Lesson 7: Understanding UncertaintyLesson 7: Understanding Uncertainty
Figure 7.1 illustrates key aspects of the Statistical Paradigm. We are interested in the characteristics of a population or how it might behave under different real-world conditions. To investigate, we take an appropriate sample or compare samples under different conditions (Lessons 1 and Lesson 2). Our samples then produce data that must be described and/or compared using appropriate measures, statistical summaries, and pictures (Lesson 3 to Lesson 6). Next, in order to use those statistics to make inferences about the population, we must consider what types of samples or differences between groups might happen just by chance - that is the topic of probability that we examine in this lesson.
Life is riddled with decisions that must be made in the face of uncertainty. What time should your friend pick you up at the airport given the uncertainty in the arrival time of your flight? Should you take an umbrella on your hike given the uncertainty in the weather forecast? Is it better to have the surgery or take the new medication given the uncertainty in the clinical outcome? Should you bet on the favorites or go for the underdogs in your office March Madness basketball pool? Statistics help us to address the myriad of problems of this type by directly quantifying the uncertainties in life. Probability is the language of certainty. This lesson provides insights into this language's basic grammar - the rules that govern the quantification of uncertainty.
- Identify and apply the relative frequency interpretation of probability.
- Apply the basic rules of probability.
- Set up a calculation for and interpret an expected value.
- Interpret how proportions and averages converge when the chance process generating them is repeated independently.
- Set up and interpret a random simulation to estimate a probability.
7.1 - The Rules of Probability7.1 - The Rules of Probability
The astragalus (ankle or heel bone) of animals were used in ancient times as a forerunner of modern dice. In fact, Egyptian tomb paintings show that sheep astragali were used in board games as early as 3500 B.C. (see Figure 7.2). When a sheep astragalus is thrown into the air it can land on one of four sides, which were associated with the numbers 1, 3, 4, and 6 (see Table 7.1). Two sides (the 3 and the 4) are wider and each come up about 40% of the time, while the narrower sides (the 1 and the 6) each come up about 10% of the time. Astragali were used for gambling, games, and divination purposes by the ancients.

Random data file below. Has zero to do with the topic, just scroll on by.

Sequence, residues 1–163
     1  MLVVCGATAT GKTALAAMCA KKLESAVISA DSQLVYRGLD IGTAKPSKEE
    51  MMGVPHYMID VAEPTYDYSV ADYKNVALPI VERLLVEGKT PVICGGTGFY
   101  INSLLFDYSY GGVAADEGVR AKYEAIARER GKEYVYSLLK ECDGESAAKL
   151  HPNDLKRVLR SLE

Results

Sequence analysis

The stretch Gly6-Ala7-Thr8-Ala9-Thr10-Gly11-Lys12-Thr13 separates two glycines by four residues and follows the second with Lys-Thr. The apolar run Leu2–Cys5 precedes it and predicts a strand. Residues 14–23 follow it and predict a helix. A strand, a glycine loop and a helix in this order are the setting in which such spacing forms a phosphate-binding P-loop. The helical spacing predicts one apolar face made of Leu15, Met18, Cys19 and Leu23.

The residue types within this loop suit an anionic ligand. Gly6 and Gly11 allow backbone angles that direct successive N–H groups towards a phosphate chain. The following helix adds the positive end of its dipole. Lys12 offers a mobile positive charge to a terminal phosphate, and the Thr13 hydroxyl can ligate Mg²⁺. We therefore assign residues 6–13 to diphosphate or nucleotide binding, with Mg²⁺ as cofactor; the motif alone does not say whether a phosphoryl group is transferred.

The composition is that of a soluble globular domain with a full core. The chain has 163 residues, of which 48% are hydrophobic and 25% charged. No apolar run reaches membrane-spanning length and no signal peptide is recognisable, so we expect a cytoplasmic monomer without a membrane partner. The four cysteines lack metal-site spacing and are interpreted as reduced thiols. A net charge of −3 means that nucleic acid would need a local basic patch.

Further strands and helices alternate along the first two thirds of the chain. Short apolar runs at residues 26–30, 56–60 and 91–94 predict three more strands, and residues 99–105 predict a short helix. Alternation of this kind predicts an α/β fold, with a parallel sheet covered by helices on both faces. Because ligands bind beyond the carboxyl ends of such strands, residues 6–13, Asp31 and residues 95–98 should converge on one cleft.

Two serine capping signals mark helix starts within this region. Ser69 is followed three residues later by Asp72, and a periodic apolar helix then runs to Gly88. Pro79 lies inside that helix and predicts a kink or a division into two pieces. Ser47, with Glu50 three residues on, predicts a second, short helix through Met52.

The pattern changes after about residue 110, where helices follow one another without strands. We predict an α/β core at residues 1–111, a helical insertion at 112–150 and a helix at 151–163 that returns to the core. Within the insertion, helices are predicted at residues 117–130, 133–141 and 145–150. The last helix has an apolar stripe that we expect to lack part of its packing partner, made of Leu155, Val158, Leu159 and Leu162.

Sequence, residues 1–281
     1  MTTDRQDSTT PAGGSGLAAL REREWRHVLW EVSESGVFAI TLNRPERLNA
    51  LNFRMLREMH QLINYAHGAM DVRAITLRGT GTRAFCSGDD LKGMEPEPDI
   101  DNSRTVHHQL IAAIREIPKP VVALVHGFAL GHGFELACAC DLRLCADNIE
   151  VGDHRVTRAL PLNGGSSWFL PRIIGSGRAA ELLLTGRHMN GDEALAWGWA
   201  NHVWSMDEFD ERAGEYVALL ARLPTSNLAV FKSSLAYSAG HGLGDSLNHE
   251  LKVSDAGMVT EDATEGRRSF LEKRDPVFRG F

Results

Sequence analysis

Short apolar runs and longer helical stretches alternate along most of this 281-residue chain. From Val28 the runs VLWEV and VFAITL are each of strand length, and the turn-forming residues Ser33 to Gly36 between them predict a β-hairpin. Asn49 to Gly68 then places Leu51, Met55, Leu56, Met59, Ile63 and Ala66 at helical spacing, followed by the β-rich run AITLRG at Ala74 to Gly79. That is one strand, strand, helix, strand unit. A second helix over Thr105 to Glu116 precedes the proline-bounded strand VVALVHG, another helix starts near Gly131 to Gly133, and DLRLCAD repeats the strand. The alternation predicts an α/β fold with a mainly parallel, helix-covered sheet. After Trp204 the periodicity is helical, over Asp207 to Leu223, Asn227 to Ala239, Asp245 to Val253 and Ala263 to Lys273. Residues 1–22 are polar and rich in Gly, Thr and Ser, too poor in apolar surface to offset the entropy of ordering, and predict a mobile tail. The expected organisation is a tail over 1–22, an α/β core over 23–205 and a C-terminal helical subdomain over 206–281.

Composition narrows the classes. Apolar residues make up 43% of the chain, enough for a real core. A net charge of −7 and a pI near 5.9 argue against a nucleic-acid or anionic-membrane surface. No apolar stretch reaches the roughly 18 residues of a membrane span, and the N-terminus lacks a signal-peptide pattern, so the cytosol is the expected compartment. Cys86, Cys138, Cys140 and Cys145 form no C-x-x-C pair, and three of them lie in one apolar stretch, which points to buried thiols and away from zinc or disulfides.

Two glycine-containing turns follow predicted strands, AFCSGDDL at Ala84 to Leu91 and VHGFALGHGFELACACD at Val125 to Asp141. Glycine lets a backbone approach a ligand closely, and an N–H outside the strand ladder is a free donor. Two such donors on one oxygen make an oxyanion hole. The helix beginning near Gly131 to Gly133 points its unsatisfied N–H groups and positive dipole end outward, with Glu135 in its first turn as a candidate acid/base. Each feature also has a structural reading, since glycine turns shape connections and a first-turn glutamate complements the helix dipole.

|Number||% of time it occurs|
Toss an astragalus once. What's the chance you get a "1"?
SolutionThe probability of rolling a "1" is 10%. This corresponds to the percentage of time you would get a "1" in a very long sequence of rolls. Here, we can imagine repeating the process of rolling the astragalus many times and with many rolls, the margin of error shrinks and we hone in on an expected relative frequency of times that the event we are looking for happens (getting a "1"). This illustrates the relative frequency interpretation of probability. If a chance process can be repeated independently over and over, the probability of a particular event of interest is just the long-run proportion of times that it happens.
Since probabilities can often be viewed as the proportion of times something happens we see our first rule of probability.
Toss an astragalus once. What's the chance you get at least a 3?
SolutionGetting "at least a 3" corresponds to getting either a 3, a 4, or a 6. These occur 40% +40%+10% = 90% of the time so the probability is 0.9. "Getting a 3" and "getting a 4" and "getting a 6" are mutually exclusive events because you can only have one of them happen at the same time (i.e. knowing one thing happened means the other could not have occurred). Our calculation of the probability of "at least a 3" illustrates our second rule of probability.
Notice that there is another way to solve the previous problem. The opposite of "at least 3" is "getting a 1" (i.e. the only other possibility) so you can also figure the answer as 100% - 10% = 90% or 0.90. This rule of the opposites is our third rule of probability.
Suppose you toss an astralgus twice. What's the chance that you get "4s" on both tosses?